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What Will Be Obsolete in 2020?

| April 11, 2012 | 0 Comments
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Photo by Christopher Sessums/Flickr

by Tina Barseghian

Expounding on the ideas of the wildly popular article 21 Things That Will Be Obsolete in 2020, we asked a few of those who attended Big Ideas Fest, a recent gathering of teachers, administrators, entrepreneurs and policymakers, to predict what they think will be obsolete in 2020.

Walls around the classroom, said Bernadette Adams Yates, senior research analyst, who works at the Office of Education Technology at the Department of Education. “We’re moving towards students being able to create their own learning environments. It would be great for them to be able to put together their own learning path,” she said.

New Orleans teacher Kaycee Eckhart would love to see an end to remediation, which currently absorbs a lot of her teaching time. “My own teaching methods will be obsolete,” she said. Educators can’t tend to teaching higher order critical thinking skills if “we’re constantly remediating a population that’s been under-served.”

Not surprisingly, print books will be obsolete, predicts Neeru Khosla, founder of CK12, a nonprofit open education source for free Web-based content in the form of digital “Flexbooks.” Instead of print books, Khosla predicts students will use devices for learning.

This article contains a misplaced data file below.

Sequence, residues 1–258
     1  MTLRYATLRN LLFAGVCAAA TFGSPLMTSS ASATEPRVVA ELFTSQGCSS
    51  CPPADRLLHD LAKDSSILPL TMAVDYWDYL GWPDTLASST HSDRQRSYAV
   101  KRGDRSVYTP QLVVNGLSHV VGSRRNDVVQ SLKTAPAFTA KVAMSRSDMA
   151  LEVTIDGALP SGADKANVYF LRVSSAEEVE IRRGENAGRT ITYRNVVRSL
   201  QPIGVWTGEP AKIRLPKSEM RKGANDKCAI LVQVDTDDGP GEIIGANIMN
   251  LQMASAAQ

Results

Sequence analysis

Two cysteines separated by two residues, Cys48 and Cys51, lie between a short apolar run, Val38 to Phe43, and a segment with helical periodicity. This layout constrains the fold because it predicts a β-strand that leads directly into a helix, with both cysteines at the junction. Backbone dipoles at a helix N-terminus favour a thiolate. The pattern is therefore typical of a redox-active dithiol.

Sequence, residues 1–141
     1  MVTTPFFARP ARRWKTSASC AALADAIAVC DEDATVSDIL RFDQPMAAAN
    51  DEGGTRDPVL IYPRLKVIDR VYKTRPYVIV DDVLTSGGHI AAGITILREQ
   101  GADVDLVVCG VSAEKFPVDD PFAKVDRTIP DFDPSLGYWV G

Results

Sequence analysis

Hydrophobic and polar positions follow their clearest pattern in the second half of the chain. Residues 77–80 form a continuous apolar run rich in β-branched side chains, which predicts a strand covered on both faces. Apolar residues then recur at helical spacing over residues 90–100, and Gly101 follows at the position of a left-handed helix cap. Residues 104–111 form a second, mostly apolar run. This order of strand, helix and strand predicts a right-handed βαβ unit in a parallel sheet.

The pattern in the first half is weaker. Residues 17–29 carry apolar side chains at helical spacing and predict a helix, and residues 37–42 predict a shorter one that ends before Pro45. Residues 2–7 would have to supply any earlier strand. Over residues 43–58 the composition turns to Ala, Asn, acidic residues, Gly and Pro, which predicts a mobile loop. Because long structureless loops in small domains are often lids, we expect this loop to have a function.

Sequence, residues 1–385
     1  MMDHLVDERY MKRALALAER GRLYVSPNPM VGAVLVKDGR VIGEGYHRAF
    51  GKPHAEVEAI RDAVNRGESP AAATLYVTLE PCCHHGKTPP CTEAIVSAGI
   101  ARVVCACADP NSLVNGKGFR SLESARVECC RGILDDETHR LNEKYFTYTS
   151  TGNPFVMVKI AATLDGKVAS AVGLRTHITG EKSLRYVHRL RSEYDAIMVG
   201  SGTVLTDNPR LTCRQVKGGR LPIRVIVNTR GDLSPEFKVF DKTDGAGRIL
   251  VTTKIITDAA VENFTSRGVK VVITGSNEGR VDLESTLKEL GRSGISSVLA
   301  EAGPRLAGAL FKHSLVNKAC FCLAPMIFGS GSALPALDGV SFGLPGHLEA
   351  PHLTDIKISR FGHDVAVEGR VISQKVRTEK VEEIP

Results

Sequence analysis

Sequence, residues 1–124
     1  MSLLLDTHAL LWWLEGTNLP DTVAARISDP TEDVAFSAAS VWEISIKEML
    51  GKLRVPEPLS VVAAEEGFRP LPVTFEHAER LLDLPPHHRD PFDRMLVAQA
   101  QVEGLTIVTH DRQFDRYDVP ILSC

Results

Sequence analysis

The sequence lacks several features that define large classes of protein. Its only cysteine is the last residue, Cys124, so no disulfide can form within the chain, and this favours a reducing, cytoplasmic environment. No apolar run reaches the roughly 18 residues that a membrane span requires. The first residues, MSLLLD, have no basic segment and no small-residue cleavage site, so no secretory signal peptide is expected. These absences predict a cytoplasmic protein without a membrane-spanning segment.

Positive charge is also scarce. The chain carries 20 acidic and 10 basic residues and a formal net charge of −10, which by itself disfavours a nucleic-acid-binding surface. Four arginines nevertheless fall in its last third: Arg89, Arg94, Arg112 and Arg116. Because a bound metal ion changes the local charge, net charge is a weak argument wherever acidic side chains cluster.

Metaphorically speaking, the front of the classroom will disappear, says Christian Long, vice president of education at Cannon Design, a firm that works with school districts to redesign learning environments. “The classroom becomes more malleable,” he says. “Learning is more messy and dynamic. There’s no archetype of what belongs where in the room. That entire model is up for grabs depending on what the challenge is.”

Professional guilds will replace teachers’ unions, educators will become facilitators, and, if Oakland teacher Constance Moore had her way, large classes would be obsolete.

[Co-produced by Matthew Williams.]

This article was originally posted on KQED MindShift on March 27, 2012

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About the Author ()

Matthew Williams is a filmmaker and media educator who has recently transplanted to Oakland from Los Angeles. He believes that you are what you eat and feels everyone should have a multitude of dietary options for self-realization. Matthew is the Educational Technologist at KQED.